XYZ Type Foundry Brings Experience to Typefaces That Meet Market Needs

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The typeface archives of Jesse Ragan and Ben Kiel were bursting with ideas, and the two designers wanted those concepts to flourish. They wanted to use over a decade of work to fill voids in the type design world.

“We had done a lot of client work, custom type, lettering jobs and we had been sitting on a backlog of client pitch ideas where either the project never happened or the direction changed or they were just sketches,” Kiel says. “We were trying to figure out the best way to bring that stuff to market, but we wanted to have independent, direct control in how we sold things and did business.”

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The two tested their working relationship—Kiel is located in St. Louis, while Ragan works in Brooklyn—by bringing their typeface Cortado to market. With the single type a success, the new type foundry XYZ Type would continue, allowing both to focus on designing typefaces for retail sale at xyztype.com while giving them complete control over their product.

In the crowded world of typeface design, especially with so many young designers dabbling in the space, Kiel says they believe their experience working both freelance and in large type foundries gives them familiarity to know what the market needs and then create a distinctive product to fit those needs.

“Our experiences working with branding agencies have yielded a lot of ideas that can fulfill a specific need in the market,” Ragan says. “We see what they are asking for and what is lacking.”

Kiel says that while XYZ Type offers a fresh perspective on a type foundry, it comes backed with “seasoned eyes.”

“A lot of people doing type foundries are newer to it,” he says. “People are making high-quality typefaces all the time, but what sets us apart is how you approach the design problem of why you need to make a new typeface. Jesse’s Aglet Slab came out of a direct experience with a branding agency looking for something and never finding it. Instead of waiting for someone to say ‘let’s make something new,’ we know what people are asking and looking for and we are going to make it.”

So far, XYZ Type—an obvious nod to the end of the alphabet meant to imply attention to detail—offers the previously released Cortado along with Aglet Slab and Export. But more are on the way, including Grep, a screen-optimized sans serif typeface geared toward branding, and Aglet Sans, a companion to Aglet Slab. The new typefaces from XYZ Type come equipped with OpenType features, alternate characters and sets of symbols to math every font style.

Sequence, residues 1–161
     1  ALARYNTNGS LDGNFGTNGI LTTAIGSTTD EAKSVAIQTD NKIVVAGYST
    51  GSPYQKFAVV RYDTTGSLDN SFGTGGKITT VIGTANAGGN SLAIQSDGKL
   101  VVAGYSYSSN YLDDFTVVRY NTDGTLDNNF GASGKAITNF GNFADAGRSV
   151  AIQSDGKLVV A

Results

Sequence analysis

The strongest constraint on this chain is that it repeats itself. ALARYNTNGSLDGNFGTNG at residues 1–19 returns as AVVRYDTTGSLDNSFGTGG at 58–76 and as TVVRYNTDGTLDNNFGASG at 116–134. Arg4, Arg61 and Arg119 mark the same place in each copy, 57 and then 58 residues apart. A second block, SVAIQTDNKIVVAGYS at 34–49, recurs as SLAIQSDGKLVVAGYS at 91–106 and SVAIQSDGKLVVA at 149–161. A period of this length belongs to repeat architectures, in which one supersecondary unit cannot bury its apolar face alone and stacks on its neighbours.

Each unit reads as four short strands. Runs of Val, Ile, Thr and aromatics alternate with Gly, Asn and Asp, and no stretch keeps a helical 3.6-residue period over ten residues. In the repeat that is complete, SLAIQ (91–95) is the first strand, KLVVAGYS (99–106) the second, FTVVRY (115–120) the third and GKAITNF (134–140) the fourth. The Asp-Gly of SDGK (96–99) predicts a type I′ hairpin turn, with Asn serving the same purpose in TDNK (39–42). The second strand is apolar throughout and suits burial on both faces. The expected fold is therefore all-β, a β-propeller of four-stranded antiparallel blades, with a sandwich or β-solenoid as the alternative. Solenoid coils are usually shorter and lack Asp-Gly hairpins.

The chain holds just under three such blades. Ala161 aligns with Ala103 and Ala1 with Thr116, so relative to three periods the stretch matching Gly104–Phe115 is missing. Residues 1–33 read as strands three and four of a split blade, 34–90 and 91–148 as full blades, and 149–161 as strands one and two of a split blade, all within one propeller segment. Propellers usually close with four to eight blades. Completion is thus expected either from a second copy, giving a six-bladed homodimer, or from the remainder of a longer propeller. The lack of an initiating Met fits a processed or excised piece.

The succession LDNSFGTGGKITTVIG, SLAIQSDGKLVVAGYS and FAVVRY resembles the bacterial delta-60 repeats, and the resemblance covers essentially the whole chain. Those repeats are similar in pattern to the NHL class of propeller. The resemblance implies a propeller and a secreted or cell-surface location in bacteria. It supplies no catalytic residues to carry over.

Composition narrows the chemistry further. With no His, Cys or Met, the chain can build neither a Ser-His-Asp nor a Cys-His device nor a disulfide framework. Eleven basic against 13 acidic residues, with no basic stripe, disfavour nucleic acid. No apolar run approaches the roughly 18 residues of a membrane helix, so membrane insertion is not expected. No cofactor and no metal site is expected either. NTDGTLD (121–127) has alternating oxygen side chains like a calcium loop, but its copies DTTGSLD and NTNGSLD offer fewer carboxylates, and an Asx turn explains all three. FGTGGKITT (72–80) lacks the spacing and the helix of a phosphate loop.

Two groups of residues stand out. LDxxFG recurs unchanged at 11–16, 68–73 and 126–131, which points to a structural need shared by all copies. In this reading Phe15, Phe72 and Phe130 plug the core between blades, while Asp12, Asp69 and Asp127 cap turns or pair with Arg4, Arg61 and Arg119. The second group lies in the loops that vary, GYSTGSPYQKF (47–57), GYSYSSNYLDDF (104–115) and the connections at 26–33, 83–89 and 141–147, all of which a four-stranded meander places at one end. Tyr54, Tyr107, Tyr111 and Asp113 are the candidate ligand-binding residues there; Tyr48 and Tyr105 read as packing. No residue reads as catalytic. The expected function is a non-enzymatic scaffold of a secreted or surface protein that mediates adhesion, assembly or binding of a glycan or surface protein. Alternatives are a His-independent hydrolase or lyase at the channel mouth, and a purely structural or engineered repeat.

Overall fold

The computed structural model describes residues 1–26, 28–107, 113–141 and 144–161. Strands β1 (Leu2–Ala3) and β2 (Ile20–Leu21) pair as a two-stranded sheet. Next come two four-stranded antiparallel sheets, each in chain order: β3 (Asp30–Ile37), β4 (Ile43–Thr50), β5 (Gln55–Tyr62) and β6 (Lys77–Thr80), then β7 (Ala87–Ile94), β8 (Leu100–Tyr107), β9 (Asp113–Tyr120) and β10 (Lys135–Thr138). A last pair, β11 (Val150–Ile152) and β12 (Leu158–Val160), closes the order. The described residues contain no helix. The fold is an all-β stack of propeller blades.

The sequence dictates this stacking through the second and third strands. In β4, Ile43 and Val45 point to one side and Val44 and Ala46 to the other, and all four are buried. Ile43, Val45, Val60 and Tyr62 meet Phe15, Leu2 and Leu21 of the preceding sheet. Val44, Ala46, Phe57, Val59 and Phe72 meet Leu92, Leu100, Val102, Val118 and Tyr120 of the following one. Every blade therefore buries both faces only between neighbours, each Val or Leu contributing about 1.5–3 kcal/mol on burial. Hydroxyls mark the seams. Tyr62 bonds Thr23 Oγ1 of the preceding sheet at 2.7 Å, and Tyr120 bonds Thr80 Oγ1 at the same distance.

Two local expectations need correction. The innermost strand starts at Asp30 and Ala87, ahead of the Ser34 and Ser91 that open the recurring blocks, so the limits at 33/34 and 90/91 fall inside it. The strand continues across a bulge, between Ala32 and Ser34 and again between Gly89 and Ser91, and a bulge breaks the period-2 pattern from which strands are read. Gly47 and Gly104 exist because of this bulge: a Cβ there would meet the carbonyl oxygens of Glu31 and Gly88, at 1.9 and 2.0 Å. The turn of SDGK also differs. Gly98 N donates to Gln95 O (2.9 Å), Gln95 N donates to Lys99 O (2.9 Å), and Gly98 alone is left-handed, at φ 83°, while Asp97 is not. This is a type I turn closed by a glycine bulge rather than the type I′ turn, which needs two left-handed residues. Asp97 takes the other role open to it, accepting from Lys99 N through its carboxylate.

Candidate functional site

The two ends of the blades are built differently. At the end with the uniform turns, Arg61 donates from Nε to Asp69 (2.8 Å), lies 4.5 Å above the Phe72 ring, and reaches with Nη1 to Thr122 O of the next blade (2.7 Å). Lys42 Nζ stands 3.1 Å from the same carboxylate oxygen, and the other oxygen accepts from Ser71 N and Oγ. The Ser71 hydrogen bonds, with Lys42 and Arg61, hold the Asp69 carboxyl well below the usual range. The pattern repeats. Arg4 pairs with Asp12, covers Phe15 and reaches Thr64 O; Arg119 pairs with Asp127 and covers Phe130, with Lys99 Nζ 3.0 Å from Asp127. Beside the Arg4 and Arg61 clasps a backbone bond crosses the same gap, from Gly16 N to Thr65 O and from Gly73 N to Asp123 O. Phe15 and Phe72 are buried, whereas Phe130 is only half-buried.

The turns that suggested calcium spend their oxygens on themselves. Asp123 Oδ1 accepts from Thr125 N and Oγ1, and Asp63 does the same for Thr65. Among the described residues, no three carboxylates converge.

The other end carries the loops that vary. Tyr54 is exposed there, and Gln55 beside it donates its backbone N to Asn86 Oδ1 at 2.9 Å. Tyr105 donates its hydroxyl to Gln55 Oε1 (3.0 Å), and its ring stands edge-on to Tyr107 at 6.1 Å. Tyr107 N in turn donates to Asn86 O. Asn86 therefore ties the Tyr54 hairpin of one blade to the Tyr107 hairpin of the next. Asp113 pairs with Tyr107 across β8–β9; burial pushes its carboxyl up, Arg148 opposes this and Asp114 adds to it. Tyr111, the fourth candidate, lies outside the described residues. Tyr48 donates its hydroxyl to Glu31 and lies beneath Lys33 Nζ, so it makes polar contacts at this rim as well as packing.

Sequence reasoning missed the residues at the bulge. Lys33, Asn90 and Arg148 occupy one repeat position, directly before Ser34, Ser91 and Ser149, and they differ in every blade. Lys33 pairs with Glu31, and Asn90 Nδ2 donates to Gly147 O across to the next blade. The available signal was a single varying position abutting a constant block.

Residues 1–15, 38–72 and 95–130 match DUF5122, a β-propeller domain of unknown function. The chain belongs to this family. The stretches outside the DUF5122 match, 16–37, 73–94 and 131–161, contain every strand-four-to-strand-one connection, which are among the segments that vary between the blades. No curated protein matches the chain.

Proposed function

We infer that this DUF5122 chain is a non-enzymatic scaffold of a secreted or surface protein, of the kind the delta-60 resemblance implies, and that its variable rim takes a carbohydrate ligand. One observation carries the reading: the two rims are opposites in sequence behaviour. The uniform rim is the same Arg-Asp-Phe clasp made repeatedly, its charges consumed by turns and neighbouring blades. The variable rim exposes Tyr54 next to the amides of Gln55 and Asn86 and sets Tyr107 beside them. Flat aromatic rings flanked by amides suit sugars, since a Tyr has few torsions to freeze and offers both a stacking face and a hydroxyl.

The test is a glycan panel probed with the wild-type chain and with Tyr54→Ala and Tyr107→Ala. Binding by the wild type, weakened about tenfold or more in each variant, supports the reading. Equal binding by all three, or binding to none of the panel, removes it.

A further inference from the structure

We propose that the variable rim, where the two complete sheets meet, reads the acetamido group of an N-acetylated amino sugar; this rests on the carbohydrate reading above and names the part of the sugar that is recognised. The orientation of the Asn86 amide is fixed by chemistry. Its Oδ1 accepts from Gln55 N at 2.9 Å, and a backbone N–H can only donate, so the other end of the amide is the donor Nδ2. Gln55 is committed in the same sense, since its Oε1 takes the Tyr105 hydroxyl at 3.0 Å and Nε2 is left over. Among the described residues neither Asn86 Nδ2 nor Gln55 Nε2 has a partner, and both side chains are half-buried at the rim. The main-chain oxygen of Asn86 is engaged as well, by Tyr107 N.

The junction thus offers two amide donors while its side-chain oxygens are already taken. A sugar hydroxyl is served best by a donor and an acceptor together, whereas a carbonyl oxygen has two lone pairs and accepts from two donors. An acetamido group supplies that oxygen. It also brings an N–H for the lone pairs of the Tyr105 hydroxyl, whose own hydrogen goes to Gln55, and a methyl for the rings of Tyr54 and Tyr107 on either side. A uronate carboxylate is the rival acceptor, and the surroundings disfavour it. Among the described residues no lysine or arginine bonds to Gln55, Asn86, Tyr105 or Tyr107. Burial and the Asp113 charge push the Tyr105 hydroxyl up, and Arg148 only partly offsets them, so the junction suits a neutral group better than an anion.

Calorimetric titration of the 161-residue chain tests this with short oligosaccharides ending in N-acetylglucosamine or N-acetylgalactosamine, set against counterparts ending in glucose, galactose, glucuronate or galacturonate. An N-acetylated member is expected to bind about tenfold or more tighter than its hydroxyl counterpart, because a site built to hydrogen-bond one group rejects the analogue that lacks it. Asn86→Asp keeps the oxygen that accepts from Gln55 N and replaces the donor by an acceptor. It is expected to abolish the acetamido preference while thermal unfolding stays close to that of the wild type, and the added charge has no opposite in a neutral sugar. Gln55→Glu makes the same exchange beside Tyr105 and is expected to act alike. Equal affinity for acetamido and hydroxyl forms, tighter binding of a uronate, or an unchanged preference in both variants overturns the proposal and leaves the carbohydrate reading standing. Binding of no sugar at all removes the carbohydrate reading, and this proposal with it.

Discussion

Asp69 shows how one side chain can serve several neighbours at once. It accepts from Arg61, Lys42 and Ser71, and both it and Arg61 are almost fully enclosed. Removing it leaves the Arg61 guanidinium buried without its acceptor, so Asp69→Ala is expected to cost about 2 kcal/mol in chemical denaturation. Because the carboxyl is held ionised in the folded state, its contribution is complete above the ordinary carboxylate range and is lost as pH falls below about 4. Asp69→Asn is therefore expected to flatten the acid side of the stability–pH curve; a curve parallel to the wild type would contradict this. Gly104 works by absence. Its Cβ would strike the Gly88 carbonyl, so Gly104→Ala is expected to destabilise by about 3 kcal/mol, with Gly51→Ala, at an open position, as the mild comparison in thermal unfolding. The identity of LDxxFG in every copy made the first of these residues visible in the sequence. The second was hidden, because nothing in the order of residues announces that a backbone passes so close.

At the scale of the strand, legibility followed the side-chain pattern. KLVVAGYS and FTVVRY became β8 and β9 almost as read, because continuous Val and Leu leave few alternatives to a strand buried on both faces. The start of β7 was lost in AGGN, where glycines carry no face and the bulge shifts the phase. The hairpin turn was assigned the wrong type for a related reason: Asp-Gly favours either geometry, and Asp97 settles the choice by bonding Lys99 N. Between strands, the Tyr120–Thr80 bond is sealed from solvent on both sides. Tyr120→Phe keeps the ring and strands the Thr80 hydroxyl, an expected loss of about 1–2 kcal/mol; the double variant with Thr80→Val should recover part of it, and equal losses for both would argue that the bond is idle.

Kiel says the XYZ Type aesthetic focuses in on making type that proves “useful, interesting and unique.” If something already exists, the two move toward something that can’t be found. “Picking a typeface is really about picking what tone you want to set your message in,” Kiel says. “Designers are looking to find something that expresses the idea of a message and we are trying to make things to find new voices.”

Still, the two have a distinct tone in that voice. “Ben designs things I would never think to do and I design things he wouldn’t think of,” Ragan says. “That helps us offer diversity. I think that can be an asset in giving us a distinctive voice.”

The differing perspectives also help the two collaborate and provide direction on new projects. And the fact they don’t work in the same office comes as a bonus, they say. With Ragan working alongside graphic designers in New York, he finds inspiration there. Kiel enjoys working in the same studio as someone focused on letterpress work in St. Louis. Working with those outside of typeface helps keep them focused on designs that appeal to the “world outside of us.” When the two collaborate—not every project gets seen by the other every day—that provides certain freshness. The two shared the workload on Cortado, but ever since they have settled on the process of one taking the lead on a design with the other offering critique and insight.

“There are moments in the design process you hit a wall and you have gotten so deep you lose perspective and don’t know the best direction,” Ragan says. “I was trying to find the best lowercase a and lowercase g and I had six different options of how they could come together and I was able to get (Ben’s) sense of which of the six combos worked together.”

As type design requires continual adaptation by designers needing to create for the flexible medium of a screen and build in responsiveness, XYZ Type embraces the changes. “Designing things for us that work really well on screen and print are really important,” Kiel says. Whether a font goes slightly narrower for a phone and slightly wider for a desktop, branding projects still have business cards and letterhead that require both digital and print outcomes. That means projects may have a set of fonts that slightly differ for digital and print, but still in full compliment to each other. And all along the way, it must have an “organic, handmade feeling.”

Export, for example, has a feel that it was cut out of rubber and Cortado evokes painting with a brush with a series of alternate and special characters to give a further handmade quality. Even still, there is complex programming going on under the hood to ensure that organic aesthetic works in a practical sense to retain that feel at all times. “Trying to get that quality into digital form is a fun challenge for me,” Ragan says.

Ragan and Kiel now face those challenges together, dipping back into years of experience to create new type design to fill emerging typeface needs. And they get to control the outcomes along the way.


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